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This provision is correctly transposed into Polish law. Polish transposing provisions describe in more detail the procedure for filing the application. The requirements of this procedure do not seem to cause non-conformity. Similar conditions are to be met by Polish nationals while applying for an ID or passport. The application form as provided by Annexes to DPRR also does not specify additional requirements/restrictions regarding documents. 2.4.5 Permanent residence card for family members who are not nationals of a MS (Article 20)

Article 20 provides for the permanent residence certificate for family members who are not Union citizens. Article 20(1) about the obligation to issue family members who are not nationals of a Member State entitled to permanent residence with a permanent residence card within six months of the submission of the application is correctly transposed into Polish law. The wording 'possession of the residence' in Article 54 EREA means that the family member has to have such a card, but not that he is obliged to carry the card with him (apart from the moment of crossing the border). Similarly, Polish citizens are obliged to posses IDs but not to carry them out. The sanctions provided by provisions transposing Art. 20.2 of the Directive seem to be proportionate (fine between EUR 5,7 and 1428) and non-discriminatory (equal as for Polish citizens for failure to comply with requirement to apply for ID). 2.4.6

Continuity of residence (Article 21)

Article 21 providing that “for the purposes of this Directive, continuity of residence may be attested by any means of proof in use in the host Member State and that continuity of residence is broken by any expulsion decision duly enforced against the person concerned�, is correctly transposed into Polish law. 2.5

Common provisions (Articles 22-26) 2.5.1

Article 22 territorial scope

Article 22 provides that the territorial scope of the Directive is the whole of the Member State and that restrictions on movement may only be imposed where the same restrictions apply to nationals of the Member State itself. Article 22 was correctly transposed into Polish law. Poland did not use the possibility to impose territorial restrictions on the right of residence and the right of permanent residence (allowed by the second sentence of Art. 22). 2.5.2

Article 23 Related rights

Article 23 about the right to take up employment or self employment in the host Member State is correctly transposed. Promotion of Employment and Work Market Institutions Act of 2004 provides that EU citizens and their family members do not need work permit i.e. may undertake a job. Medical benefits financed by public means Act of 2004 provides that EU citizens and their family members may undertake and carry out economic activity equally to Polish nationals. 2.5.3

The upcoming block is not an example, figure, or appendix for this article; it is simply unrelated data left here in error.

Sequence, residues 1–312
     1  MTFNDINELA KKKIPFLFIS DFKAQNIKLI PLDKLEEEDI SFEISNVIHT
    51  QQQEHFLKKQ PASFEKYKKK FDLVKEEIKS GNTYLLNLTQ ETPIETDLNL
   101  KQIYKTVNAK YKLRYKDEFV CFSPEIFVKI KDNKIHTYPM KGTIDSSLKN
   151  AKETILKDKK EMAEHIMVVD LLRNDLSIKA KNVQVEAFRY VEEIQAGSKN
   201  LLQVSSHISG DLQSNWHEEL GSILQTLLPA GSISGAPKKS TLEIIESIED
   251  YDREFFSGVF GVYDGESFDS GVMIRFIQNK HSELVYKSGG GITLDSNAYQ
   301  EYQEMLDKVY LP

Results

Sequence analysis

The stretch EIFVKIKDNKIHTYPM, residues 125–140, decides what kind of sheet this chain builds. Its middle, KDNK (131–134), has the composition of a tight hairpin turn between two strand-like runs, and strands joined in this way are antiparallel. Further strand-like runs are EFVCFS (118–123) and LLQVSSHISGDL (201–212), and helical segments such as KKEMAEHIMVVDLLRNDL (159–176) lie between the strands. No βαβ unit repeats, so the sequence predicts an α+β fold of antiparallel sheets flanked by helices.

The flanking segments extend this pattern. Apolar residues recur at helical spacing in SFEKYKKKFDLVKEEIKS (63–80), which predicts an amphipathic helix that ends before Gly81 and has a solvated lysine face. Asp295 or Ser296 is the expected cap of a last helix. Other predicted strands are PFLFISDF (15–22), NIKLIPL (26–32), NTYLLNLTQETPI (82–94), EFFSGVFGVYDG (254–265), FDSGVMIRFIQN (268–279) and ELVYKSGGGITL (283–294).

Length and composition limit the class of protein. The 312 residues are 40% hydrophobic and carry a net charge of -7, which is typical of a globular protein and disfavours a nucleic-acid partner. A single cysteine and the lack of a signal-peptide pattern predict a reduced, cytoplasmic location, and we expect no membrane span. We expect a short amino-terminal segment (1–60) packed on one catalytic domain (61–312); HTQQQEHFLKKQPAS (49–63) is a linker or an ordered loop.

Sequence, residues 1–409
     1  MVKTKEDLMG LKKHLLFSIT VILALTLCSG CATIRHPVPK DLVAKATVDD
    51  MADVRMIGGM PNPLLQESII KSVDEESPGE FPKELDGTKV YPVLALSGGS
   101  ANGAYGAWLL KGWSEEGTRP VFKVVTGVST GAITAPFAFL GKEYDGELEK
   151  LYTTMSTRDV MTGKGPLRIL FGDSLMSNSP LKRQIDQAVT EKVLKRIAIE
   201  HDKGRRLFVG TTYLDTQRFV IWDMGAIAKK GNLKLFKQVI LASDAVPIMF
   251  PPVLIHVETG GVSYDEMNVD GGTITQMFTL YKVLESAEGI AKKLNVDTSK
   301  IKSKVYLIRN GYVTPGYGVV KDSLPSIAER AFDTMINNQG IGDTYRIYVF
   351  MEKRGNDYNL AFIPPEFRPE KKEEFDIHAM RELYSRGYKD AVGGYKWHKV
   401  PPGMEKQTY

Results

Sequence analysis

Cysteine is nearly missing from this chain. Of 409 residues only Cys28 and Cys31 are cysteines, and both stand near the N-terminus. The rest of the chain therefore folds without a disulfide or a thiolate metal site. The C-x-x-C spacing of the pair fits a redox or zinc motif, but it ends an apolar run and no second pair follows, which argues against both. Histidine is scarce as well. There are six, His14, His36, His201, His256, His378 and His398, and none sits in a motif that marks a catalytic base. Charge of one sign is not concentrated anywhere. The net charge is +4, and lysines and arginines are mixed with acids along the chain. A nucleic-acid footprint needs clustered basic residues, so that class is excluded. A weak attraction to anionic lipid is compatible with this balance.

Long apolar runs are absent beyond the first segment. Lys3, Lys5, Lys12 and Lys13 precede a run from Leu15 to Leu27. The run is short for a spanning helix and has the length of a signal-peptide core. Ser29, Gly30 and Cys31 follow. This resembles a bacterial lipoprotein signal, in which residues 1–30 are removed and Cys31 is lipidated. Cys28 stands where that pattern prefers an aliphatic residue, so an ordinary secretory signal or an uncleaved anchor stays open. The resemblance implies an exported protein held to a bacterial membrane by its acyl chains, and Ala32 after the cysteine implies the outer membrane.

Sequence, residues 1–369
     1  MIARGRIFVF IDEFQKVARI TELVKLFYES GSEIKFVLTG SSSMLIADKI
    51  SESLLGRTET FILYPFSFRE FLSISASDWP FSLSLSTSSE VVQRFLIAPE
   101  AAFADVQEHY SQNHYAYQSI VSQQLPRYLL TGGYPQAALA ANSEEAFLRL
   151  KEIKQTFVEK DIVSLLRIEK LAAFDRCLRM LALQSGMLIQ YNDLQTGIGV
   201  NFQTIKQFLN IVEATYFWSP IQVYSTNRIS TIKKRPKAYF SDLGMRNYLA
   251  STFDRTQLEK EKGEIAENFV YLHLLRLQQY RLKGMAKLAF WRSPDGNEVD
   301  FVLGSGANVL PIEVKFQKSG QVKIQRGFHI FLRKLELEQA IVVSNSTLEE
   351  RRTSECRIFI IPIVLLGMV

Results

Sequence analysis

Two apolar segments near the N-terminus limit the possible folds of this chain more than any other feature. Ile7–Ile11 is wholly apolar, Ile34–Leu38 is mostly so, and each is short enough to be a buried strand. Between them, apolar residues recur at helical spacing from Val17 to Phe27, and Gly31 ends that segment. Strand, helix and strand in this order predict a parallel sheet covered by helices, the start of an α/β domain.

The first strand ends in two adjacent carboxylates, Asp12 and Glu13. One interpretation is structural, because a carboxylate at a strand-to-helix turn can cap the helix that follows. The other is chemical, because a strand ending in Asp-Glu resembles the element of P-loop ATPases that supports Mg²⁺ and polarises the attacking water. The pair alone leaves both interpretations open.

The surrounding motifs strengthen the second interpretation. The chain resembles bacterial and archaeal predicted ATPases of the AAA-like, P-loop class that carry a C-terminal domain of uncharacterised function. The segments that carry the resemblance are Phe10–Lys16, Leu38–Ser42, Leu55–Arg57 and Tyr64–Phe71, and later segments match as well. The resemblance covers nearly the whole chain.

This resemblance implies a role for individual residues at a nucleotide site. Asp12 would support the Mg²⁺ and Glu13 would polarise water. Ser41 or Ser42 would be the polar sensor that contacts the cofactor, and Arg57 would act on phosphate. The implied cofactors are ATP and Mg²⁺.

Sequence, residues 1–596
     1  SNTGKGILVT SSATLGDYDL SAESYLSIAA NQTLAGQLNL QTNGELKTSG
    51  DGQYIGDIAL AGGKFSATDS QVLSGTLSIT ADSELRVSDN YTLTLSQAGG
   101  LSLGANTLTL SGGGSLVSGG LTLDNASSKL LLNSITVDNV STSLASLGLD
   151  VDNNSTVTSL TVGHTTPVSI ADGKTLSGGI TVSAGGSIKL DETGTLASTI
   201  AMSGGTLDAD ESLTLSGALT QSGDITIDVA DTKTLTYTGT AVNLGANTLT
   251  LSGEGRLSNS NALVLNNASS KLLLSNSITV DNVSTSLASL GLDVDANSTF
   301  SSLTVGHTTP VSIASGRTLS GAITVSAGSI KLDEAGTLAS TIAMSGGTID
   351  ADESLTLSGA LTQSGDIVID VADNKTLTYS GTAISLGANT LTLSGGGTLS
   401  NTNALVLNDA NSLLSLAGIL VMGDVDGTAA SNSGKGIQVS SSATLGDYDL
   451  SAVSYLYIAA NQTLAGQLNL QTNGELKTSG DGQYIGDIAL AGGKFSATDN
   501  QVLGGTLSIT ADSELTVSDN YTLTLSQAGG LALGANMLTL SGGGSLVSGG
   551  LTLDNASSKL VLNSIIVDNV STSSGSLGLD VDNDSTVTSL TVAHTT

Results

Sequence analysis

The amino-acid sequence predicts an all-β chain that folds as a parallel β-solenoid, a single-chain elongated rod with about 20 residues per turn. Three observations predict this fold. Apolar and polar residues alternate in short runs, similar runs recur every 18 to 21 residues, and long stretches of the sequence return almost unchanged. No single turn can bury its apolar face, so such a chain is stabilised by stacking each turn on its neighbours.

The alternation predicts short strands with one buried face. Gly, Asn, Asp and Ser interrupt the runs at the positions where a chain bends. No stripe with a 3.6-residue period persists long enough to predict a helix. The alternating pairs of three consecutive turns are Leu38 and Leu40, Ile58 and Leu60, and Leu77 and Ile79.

Article 24: equal treatment

Article 24 provides for the principle of equal treatment for EU citizens and their third country family members. Transposition of Article 24(1) seems to be incomplete. There is no general provision on equal treatment. Milieu Ltd & Europa Institute

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Some specific provisions partially implementing this rule are provided in columns 4 and 5. However, those provisions do not provide for guarantees for self-employed persons. For example: • Promotion of Employment and Work Market Institutions Act provides EU citizens with a right to social aid for job-seekers. • Social Pension Act of 2003 gives them the right to education. • Higher Education Law Act - right to higher education, PhD studies, participation in scientific research. There is however, also a conformity problem with this Act: it grants rights to migrating employees. But the rights of self-employed persons are subject to the condition that they must have the necessary funds to cover the costs of providing for themselves in the course of their studies (Article 43.5) Article 24(2) seems to be correctly transposed into Polish law. The wording “where appropriate, the longer period provided for in Article 14(4)(b)” was not transposed into Polish law, but it does not cause non-conformity as does not allow for longer periods of being deprived of social assistance. SAA concerns social assistance and SPA - to social pensions. According to their provisions, EU citizens and their family members who enjoy ‘right of residence’ or ‘right of permanent residence’ according to EREA are entitled to social assistance. EREA uses the words ‘right of residence’ in the meaning ‘right of residence for more than 3 months’, which means that this wording used in transposing provisions cited in columns 4 and 5 apply to persons residing more than 3 months. Thus, Article 5 of SAA and Article 2 of SPA apply to workers, self-employed persons, students, ‘‘other persons with sufficient resources’. Job seekers are treated in the same way as the latter category. HELA concerns undertaking studies, PhD studies etc. as well as seeking financial assistance by students. Provisions of HELA on seeking financial assistance do not apply to self-employed persons, as they may become students only if they have sufficient funds to cover their studies (see comment re Article 43.5 of HELA above). However, this may cause non-conformity with Article 24(1) but seem be irrelevant for the assessment of transposition of Article 24(2). 2.5.4